Channel 12 News report: Settler violence in the South Hebron Hills

Breaking the Silence, Jul 26, 2021

Last Friday night, 15 minutes of the main evening news broadcast on Channel 12 – one of the programs with the highest viewer ratings in Israel – were dedicated to journalist Yigal Mosko’s report on the unbelievable reality of the South Hebron hills. The report covered several of the main issues we have been campaigning on for years: Palestinian children who need military protection in order to get to and from school every day because of the very real threat of being attacked by settlers; military training exercises taking place inside Palestinian villages; frequent demolitions of Palestinian homes and confiscation of their property; settler violence against Palestinians, while soldiers protect the attackers; and the presence and constant construction of more and more settler outposts – illegal even under Israeli law but connected to Israel’s water and electricity infrastructure.

None of this would be possible if it weren’t for the State of Israel’s complicity, and sometimes even its active encouragement. Children wouldn’t need to be accompanied to school by soldiers every day for the past 17 years if the law were enforced on their settler attackers in the first place. Homes wouldn’t have to be demolished if Israel’s Civil Administration weren’t to reject 97% of requests for permits by Palestinians. And of course, none of this would be the case if Israel weren’t to maintain a military regime in the territories for all of these years.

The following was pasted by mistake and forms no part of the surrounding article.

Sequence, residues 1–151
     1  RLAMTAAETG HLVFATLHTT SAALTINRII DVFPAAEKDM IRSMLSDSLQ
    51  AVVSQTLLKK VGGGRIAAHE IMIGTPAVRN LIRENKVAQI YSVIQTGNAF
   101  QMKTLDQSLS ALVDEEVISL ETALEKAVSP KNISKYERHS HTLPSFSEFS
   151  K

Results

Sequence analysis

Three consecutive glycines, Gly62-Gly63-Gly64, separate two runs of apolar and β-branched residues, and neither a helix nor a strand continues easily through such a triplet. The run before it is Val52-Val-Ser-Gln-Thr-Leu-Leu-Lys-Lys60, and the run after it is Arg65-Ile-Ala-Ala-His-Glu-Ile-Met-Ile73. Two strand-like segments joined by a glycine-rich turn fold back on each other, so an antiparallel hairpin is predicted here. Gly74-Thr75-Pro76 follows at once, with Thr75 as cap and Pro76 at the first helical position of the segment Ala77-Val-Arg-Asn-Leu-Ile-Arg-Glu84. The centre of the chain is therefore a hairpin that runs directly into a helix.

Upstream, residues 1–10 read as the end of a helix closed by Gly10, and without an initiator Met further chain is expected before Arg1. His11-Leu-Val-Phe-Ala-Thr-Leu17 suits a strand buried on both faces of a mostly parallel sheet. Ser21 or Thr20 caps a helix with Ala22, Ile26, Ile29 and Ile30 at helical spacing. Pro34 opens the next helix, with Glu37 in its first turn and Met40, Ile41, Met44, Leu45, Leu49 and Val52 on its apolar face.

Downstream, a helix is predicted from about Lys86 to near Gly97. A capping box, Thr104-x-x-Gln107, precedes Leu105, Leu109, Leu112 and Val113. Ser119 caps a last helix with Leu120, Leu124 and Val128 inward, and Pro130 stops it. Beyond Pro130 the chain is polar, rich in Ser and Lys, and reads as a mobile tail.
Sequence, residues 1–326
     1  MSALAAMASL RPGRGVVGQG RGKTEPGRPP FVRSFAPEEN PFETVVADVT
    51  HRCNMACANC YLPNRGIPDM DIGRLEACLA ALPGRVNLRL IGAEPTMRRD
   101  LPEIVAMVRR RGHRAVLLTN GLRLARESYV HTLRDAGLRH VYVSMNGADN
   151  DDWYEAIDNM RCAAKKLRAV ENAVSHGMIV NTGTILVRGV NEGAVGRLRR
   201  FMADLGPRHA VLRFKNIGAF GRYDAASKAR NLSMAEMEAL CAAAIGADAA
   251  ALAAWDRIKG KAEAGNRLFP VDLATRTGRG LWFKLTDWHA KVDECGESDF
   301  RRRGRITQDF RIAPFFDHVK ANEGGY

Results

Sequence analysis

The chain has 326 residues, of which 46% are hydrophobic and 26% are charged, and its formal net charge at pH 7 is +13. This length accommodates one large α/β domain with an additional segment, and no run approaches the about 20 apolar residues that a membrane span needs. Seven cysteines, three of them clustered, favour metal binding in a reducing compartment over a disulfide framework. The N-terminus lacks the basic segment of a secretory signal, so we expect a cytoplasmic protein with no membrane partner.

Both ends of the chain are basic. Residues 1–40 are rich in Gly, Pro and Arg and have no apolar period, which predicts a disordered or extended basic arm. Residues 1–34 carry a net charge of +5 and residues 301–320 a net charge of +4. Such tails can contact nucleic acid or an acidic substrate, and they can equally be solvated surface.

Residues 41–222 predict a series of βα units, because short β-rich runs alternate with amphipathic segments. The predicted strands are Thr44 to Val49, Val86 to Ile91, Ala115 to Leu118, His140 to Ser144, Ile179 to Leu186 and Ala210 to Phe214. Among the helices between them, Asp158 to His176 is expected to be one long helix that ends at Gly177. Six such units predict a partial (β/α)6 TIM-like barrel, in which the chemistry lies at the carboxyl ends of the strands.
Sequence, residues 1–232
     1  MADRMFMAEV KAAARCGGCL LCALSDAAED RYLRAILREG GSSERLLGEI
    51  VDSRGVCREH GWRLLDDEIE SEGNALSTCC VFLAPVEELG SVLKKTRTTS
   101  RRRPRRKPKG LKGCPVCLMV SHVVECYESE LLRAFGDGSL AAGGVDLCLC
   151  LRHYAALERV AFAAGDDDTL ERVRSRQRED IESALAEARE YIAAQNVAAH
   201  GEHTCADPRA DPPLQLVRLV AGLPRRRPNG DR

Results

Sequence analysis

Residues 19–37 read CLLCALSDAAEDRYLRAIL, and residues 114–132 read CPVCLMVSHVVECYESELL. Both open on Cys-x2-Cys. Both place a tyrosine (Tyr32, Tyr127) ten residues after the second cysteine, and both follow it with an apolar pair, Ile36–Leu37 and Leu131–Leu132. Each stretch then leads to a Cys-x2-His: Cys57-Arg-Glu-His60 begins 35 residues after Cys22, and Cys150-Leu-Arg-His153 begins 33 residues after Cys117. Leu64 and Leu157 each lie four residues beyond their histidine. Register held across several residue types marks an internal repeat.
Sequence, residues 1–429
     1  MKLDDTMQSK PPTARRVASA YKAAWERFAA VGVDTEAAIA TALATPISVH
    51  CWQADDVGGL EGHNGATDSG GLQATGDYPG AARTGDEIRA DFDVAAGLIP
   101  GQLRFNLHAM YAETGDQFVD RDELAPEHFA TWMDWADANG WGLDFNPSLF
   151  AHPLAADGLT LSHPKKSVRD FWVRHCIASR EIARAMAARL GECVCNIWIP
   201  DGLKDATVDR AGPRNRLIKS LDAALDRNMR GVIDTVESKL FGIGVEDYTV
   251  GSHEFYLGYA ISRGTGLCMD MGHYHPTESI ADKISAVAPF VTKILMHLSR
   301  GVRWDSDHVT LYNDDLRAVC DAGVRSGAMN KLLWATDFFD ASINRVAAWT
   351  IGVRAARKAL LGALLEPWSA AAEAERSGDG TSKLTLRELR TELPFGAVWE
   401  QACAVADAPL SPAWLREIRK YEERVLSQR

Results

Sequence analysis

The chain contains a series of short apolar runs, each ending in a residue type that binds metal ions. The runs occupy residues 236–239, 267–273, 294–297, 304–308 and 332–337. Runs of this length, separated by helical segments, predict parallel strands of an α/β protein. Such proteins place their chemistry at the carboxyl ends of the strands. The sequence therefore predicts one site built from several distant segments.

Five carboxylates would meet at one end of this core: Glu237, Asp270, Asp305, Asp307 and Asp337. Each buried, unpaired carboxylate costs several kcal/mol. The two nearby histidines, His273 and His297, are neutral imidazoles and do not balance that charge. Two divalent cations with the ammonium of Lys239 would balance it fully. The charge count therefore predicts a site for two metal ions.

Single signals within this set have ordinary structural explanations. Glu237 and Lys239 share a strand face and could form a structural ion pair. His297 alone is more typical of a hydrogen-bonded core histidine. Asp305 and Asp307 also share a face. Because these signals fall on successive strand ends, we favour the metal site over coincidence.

It’s been far too long since any of this was given the proper, prime-time attention it deserves, exposing the Israeli mainstream to some of the ugliest aspects of the occupation. But people outside of Israel need to be aware of this reality too.

At the start of this post we called this reality ‘unbelievable’ – because it’s so far away from any of the most basic norms that any of us would take for granted in a democratic country. You really need to see it to believe it. Take 15 minutes to watch the report, and once you’ve done so, download our new collection of soldiers’ testimonies on settler violence, many of which describe the exact same reality as shown in the report.